Durable Power of Attorney for Health Care

A durable power of attorney for health care is a document in which a person, known as the principal, designates another person, known as the agent, to make health care decisions when the principal is incapacitated and unable to make those decisions, whether the incapacity is temporary or permanent. Incapacity is the inability to understand and appreciate generally the nature and consequences of a health care decision, including the significant benefits and harms of and reasonable alternatives to any proposed treatment. Incapacity is determined by the principal’s attending physician or advanced practice registered nurse (APRN) unless the principal expressly prohibits APRNs from having this authority.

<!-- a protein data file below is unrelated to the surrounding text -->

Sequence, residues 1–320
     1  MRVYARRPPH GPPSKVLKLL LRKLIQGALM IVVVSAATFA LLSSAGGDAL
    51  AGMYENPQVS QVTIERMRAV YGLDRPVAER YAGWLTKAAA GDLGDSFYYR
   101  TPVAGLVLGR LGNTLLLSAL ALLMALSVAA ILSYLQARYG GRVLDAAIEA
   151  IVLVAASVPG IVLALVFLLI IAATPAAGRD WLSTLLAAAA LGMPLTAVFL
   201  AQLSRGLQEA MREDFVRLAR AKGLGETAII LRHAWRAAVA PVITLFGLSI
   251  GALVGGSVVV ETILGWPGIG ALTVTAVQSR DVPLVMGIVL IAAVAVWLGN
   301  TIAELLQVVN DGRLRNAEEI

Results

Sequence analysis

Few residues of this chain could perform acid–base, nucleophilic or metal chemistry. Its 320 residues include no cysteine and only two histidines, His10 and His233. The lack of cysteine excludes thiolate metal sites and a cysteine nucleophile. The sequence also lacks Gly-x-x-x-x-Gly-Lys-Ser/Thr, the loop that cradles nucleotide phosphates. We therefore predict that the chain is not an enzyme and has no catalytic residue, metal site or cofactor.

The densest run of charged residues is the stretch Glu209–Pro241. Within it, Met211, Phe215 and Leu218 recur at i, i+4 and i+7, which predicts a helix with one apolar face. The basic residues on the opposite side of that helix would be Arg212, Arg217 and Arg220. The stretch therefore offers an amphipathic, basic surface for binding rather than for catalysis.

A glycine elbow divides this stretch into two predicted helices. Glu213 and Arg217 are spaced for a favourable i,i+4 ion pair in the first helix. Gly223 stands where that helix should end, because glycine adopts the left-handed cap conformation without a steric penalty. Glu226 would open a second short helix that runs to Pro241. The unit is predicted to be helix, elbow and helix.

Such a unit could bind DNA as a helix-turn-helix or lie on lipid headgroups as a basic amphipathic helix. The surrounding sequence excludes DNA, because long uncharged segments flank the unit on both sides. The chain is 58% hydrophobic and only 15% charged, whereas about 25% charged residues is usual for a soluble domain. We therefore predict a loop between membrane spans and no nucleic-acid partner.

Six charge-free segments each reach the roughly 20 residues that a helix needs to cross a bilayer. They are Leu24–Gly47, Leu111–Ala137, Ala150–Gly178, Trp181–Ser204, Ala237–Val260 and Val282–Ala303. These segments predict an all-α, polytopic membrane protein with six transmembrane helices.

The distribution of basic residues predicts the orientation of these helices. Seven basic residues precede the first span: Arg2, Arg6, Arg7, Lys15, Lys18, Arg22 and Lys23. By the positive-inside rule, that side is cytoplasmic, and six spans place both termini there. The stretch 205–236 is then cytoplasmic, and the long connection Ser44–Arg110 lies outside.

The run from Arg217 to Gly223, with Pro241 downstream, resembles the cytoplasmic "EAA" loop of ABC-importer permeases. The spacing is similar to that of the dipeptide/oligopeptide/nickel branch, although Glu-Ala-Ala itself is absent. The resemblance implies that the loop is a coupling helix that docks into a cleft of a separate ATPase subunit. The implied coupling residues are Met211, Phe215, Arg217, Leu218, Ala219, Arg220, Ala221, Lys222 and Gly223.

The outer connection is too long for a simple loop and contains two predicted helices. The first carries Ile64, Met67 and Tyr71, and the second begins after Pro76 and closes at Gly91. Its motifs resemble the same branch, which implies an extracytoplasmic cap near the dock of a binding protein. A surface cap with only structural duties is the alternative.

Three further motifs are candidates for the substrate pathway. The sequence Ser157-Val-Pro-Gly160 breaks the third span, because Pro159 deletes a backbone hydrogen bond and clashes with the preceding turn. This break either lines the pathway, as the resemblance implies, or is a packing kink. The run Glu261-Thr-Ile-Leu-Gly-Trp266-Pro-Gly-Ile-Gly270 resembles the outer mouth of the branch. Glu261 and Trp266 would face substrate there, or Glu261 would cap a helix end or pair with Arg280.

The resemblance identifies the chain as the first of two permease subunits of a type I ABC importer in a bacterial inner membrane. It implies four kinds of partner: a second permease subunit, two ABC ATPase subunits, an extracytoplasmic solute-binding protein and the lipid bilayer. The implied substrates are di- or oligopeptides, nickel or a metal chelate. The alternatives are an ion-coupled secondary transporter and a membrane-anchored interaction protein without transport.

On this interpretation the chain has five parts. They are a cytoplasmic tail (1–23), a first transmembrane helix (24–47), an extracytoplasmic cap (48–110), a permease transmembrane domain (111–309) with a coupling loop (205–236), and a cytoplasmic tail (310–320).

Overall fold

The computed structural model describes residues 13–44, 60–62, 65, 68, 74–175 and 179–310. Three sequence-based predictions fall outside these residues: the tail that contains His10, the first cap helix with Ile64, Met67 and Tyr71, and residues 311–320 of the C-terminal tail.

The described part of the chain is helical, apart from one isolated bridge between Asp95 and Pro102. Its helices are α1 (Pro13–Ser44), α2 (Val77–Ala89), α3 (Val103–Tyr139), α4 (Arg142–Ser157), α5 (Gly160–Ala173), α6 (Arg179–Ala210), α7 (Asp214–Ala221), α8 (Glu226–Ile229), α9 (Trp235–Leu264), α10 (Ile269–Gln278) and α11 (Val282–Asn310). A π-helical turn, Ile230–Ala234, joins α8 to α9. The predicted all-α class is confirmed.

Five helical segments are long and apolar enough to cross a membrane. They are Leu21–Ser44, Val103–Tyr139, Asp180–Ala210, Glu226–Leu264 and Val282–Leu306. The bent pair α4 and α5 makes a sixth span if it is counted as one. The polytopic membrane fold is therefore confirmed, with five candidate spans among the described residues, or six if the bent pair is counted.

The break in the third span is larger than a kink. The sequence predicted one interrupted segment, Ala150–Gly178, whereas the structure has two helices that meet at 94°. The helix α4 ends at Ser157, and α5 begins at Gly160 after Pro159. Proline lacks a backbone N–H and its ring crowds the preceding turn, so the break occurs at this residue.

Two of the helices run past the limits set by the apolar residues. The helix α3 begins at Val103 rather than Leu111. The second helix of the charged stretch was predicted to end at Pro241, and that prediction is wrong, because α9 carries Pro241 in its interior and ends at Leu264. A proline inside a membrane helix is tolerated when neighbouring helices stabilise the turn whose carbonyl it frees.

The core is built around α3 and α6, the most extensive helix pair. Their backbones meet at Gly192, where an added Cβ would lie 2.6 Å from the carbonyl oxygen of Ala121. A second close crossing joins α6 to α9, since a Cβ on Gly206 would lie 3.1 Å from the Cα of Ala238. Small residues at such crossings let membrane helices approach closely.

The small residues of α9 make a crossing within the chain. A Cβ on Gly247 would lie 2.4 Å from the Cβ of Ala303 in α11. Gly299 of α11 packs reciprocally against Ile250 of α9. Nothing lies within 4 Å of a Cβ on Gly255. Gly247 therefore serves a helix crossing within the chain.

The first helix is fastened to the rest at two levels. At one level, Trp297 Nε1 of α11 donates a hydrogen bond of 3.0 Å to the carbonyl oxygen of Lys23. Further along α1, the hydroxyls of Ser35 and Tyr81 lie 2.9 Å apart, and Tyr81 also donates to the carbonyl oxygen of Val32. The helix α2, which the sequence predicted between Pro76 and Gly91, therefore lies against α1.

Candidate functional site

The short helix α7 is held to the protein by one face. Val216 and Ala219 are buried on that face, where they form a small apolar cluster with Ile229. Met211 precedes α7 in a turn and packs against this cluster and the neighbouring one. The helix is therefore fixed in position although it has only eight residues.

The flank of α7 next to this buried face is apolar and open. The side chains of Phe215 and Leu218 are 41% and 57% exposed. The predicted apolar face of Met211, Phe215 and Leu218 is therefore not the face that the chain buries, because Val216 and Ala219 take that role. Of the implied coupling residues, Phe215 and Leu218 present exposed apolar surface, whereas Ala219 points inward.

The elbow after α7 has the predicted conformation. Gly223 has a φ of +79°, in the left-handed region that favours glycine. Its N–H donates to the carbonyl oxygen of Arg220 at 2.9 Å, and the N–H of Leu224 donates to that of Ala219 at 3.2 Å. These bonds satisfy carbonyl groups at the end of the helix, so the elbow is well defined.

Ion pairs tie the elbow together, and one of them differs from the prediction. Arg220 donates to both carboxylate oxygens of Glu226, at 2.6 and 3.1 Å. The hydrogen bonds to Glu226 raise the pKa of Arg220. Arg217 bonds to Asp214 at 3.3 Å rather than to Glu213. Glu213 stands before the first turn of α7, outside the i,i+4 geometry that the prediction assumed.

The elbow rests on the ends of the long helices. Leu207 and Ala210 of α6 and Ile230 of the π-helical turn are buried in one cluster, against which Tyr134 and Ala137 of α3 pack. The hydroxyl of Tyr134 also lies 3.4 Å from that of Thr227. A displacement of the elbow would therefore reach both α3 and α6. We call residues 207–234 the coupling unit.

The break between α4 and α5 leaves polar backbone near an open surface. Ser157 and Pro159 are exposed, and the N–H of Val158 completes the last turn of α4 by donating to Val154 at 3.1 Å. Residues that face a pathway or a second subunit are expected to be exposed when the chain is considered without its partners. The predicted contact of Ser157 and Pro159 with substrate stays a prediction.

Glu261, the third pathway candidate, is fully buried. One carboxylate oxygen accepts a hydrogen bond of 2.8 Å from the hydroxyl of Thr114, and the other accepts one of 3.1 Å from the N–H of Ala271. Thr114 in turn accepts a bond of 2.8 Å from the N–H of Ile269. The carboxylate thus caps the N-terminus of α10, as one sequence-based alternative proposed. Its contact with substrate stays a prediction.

In the durable power of attorney for health care, the principal may authorize the agent to discontinue life sustaining treatment, including artificial food and water, under certain circumstances. The principal may also authorize the agent to consent to a “do not resuscitate” order, may direct that treatment be given over the objection of the incapacitated principal, and may include other special guidelines or instructions for the agent.

If an adult has a durable power of attorney for health care in place and becomes incapacitated, typically there will be no need to resort to a guardianship over the person. Instead, the agent will have the authority to make health care decisions for the incapacitated adult.

In New Hampshire, the durable power of attorney for health care is part of a form created by statute, the New Hampshire Advance Directive, which also includes the living will.